Instant’s 2016 UK Review Reveals Accelerating Demand for Flexible Workspace

3D Rendering of Modern Minimalist Office with Work Stations and Large Windows in high rise Building

Instant’s latest UK review has landed, and what’s the first notable change? A new name. Last year’s report was entitled ‘Serviced Office Review’ and this year it’s been upgraded to ‘Flexible Workspace Review’.

It’s a switch that OT heartily agrees with, as we discussed at length during the GCUC.All Conference (a workspace conference that brought the worlds of coworking and serviced offices together for the first time). We are all bound by a common trend of workspace flexibility, and today’s market is packed with innovative hybrid workspaces offering a rich blend of services.

But of course that’s not the only thing we noticed.

Instant’s UK Review is an inspiring story of a growing and increasingly diversifying UK market. Let’s start with the main UK highlights:

  • The total number of UK business centres offering flexible workspace grew by 11 per cent across the UK in 2015/16 and now totals 3,290 centres (including co-working spaces).
  • Enquiries for flexible space were up 21 per cent for the UK in total.
  • London experienced the biggest increase of space at 16% but double-digit growth is also evident across the regions.
  • The supply of flexible workspace in London has outstripped conventional office space by some margin in the last year (when compared with Estates Gazette research), and this trend seems set to continue into the future.

Surprisingly (or perhaps not, given concerns of London’s over-heated market and intense competition from new entrants), the London spotlight has dimmed slightly in favour of other cities and regions such as the South West.

Instant summarised: “There was double digit growth in occupier enquiries for flexible workspace in 2015/16. The only area of the UK not to experience an increase in enquiries of more than 10 per cent was the capital itself.”

Despite that, London still experienced an increase of nine per cent. Interestingly, Instant’s research shows a ‘doughnut’ of demand forming around the capital, with outer fringe areas like Kingston, Croydon and Ealing enjoying “aggressive” growth in enquiries and an uplift in workstation rates. This, Instant suggests, is largely driven by occupiers choosing “cheaper locations with good transport links over the highly competitive market in Central London.”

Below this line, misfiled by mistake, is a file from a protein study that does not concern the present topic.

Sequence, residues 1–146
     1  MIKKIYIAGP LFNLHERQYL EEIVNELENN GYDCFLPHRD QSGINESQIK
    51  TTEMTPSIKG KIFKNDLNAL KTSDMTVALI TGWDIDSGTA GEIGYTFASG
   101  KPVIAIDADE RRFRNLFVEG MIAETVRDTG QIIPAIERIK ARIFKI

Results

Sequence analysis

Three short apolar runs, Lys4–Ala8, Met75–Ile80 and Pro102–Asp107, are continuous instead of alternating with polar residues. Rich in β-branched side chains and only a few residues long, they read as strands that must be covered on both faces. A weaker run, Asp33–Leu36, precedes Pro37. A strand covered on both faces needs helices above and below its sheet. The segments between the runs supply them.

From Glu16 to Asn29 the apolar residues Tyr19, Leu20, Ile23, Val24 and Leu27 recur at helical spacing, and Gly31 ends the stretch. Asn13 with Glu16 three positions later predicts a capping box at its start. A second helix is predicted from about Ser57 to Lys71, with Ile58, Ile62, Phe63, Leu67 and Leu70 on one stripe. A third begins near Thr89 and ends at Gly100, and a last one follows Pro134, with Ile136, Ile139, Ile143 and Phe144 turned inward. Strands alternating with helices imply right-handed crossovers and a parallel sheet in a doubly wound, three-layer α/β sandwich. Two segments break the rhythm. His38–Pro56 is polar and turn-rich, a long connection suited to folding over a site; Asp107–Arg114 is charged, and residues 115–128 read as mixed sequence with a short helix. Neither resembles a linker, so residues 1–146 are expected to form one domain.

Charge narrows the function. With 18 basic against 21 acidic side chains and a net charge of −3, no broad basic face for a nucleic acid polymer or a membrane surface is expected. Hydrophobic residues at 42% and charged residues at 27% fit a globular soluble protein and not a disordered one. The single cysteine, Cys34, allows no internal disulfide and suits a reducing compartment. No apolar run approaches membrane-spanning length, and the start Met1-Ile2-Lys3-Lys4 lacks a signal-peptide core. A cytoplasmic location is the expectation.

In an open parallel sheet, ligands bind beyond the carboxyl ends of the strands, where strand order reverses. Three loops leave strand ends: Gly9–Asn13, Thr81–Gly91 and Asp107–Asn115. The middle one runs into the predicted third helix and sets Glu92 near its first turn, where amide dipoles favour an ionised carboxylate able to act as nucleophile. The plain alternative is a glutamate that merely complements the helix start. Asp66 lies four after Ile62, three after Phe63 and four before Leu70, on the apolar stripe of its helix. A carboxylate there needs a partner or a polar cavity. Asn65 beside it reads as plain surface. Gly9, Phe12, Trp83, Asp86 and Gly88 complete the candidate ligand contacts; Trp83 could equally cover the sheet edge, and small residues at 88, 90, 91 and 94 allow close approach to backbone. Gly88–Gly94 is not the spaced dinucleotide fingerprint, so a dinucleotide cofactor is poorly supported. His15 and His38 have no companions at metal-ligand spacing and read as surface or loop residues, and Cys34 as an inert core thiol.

Coworking growth muted as ‘hybrid’ models progress faster

Instant found that the number of specific coworking sites in the UK has grown by 14.3 per cent compared to last year. Although encouraging, this figure can be considered fairly low compared with conventional serviced offices offering coworking; such hybrid spaces have increase by almost one quarter (22.9 per cent) in the last year.

Similarly, Instant expects the number of corporate coworking occupiers to increase. This same topic was raised during the recent Social Workplace Conference and formed the focal point of JLL’s 2016 report, ‘A New Era of Coworking’.

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Furthermore, Instant noted that many operators have “evolved” to meet this demand for flexible collaborative space. The report highlights LEO’s 6-star brand, Quantum, which allows corporate clients to customise their space design and layout.

Likewise, The Office Group – one of the original serviced office suppliers to fully embrace coworking – has acquired more than 400,000 sq ft of space in the past year. Instant notes that these new spaces continue to develop the Group’s agile approach, offering a community-focused culture and an eclectic mix of value-added services ranging from on-site Pilates studios to organic cafes.

Global trends

The report also touched on the global flexible workspace market, drawing on the following key findings:

  • In the past decade, the global market has averaged 13 per cent growth and has tripled in size overall.
  • EMEA and APAC have enjoyed “rapid expansion” with growth rates of around 20 per cent, outstripping more mature markets such as the U.S., where expansion averages at 10 per cent.
  • Instant cites 4.3 per cent growth in U.S. supply, counting 3,562 centres (including coworking-only spaces).
  • In terms of serviced offices specifically, the UK’s 2,939 is 32 per cent of the global total, while the U.S. market has 27 per cent, EMEA has a 22 per cent share, APAC 15 per cent and Latin America 4 per cent.
  • APAC is making its presence known with “strong signs of growth” including an increase of 50 per cent in the Hong Kong market in just two years.
  • London and New York are the costliest locations for flexible workspace, averaging £740 in New York and £745 in London (Hong Kong averages £480).

Further growth expected on a global scale

Instant’s report concludes that, with rapid growth comes accelerating workstation rates in many key cites around the world. Yet “consumer demand continues to soak up increased desk rates and strong competition remains for the best sites” – suggesting that the industry can expect to see continued growth as part of its evolution.

This is at least partly driven by corporate demand for collaborative workspace, and this trend looks set to gather momentum in the near future:

“The key trend for the UK – and globally – will be the ongoing corporate uptake of flexible workspace… [this will be] driven by the increase in project work and the expansion in contingent workers. Corporate occupiers are now taking a long look at their space utilisation and are becoming increasingly aware of the option of using flexible office solutions in their portfolios.”

Read more in Instant’s full report.

 

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